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Mari Cheney is the Assistant Director of Research and Instruction at Boley Law Library. She lives and works with a number of invisible disabilities, including hearing impairment that is aided by both a hearing aid and a bone-anchored hearing aid. To celebrate National Disability Employment Awareness Month, learn more about how living with disabilities has impacted Mari's work.
Q: How does your hearing impairment impact your day-to-day work?
A: It's most noticeable at the reference desk. Pre-COVID, I would be sitting at the desk and if a student walked up to the desk from the front entrance of the library, there's a strong chance I wouldn't be able to hear them approach. Or if someone called on the phone, I'd have to make sure the volume was turned all the way up after I answered. It's much easier to hear on a call that's been forwarded to my cell phone because my hearing aid is Bluetooth-enabled.
Q: How does your hearing impairment impact you in the classroom?
A: Pre-COVID, I would always ask to teach in any classroom except 5 or 6 because the acoustics in those two rooms are terrible. I warn students at the beginning of class that I need them to speak up and that I wish microphones worked better in classrooms. If there's a silver lining to COVID, it's that we'll all be more accustomed to speaking into the mics during class. I've been working from home since the end of February and while I miss teaching in the physical classroom, teaching on Zoom has been okay for me since I can use Otter.ai for transcription. It really helps me.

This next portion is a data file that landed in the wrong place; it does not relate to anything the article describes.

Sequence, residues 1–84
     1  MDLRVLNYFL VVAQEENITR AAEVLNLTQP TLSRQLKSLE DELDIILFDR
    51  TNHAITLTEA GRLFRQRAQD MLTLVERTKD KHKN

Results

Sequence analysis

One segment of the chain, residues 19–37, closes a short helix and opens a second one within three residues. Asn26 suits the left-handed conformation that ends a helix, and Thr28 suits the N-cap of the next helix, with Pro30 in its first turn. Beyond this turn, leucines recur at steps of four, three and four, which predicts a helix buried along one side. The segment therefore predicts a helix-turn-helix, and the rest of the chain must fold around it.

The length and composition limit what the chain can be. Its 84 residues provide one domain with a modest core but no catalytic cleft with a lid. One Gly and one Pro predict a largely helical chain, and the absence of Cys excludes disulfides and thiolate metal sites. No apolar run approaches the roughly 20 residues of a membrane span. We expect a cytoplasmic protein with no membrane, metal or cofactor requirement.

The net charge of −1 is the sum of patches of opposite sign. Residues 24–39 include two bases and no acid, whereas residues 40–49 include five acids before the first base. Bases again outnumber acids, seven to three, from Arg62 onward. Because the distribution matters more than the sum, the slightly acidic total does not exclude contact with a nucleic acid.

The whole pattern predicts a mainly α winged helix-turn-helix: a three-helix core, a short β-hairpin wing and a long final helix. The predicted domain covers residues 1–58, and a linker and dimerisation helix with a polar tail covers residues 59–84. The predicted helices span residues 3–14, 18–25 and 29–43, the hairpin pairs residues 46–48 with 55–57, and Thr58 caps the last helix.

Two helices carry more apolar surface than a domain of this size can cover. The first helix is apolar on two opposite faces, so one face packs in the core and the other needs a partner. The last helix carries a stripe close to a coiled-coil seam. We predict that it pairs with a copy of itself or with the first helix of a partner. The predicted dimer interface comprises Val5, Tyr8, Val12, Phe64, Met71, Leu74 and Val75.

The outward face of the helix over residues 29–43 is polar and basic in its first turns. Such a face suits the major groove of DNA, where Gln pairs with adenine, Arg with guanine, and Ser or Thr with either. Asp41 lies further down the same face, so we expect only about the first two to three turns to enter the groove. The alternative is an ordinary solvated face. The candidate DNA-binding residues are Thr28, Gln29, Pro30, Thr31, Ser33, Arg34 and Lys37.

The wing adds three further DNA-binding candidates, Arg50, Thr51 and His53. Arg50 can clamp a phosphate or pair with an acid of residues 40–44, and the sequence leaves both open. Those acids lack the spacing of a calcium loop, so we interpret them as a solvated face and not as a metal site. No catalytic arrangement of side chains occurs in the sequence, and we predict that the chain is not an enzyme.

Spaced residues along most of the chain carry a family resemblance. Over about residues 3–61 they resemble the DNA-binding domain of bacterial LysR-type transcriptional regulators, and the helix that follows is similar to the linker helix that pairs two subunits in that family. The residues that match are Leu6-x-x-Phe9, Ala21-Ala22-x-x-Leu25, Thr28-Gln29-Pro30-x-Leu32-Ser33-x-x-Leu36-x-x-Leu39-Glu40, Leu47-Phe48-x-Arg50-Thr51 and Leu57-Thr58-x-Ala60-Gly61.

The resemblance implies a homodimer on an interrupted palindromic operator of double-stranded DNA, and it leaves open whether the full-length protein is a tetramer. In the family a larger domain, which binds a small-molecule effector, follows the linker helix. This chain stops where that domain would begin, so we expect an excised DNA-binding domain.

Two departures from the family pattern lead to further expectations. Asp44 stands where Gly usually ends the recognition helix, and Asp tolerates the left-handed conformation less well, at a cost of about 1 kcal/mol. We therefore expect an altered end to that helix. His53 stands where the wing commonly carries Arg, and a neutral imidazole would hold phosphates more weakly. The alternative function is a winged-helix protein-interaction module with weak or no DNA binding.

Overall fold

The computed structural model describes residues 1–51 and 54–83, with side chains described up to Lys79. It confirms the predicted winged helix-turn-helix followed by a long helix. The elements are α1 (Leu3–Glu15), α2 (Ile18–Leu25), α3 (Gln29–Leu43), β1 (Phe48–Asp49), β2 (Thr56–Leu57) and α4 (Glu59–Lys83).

Q. What advice would you give someone who is hearing impaired and considering law school?
A. Ask lots of questions about the accommodations process and also whether there are others like you on campus. What have they personally experienced and how have they navigated the process? Who are the disability allies on campus? Are there affinity student groups to join? I am honored to be the faculty advisor to DALSA and any student who joined the Lewis & Clark Law School student body would find tremendous support in DALSA.
Q. How do you share your disability advocacy outside of Lewis & Clark Law School?
A: I've started publishing on the topic of hearing impairment and how law librarians can support library patrons as well as how employers can support librarians with hearing impairment. I've presented multiple times on the topic of instructional design and disability and plan to continue to research and write on this important topic.
Q. Is there anything else you'd like to share?
A. I hope any student feels comfortable coming to talk to me about navigating law school with a disability. I am here to support them and help them navigate that process, particularly in helping them find the right person to talk to, whether it's on our campus or on upper campus. You're not alone. Law school is hard enough, but going through law school with a disability makes everything that much harder. I speak from experience when I say that working with an invisible disability can be incredibly alienating and lonely. I decided to talk about my disability and share my story so others don't feel alone. I'm still learning how to find available resources on this campus and how to help myself, but while forging my path has been difficult at times, if there's anything I can do to make it easier for our students, it's been worth it.
Paul L. Boley Library
Lewis & Clark Law School
10101 S. Terwilliger Boulevard
Portland, Oregon 97219 USA
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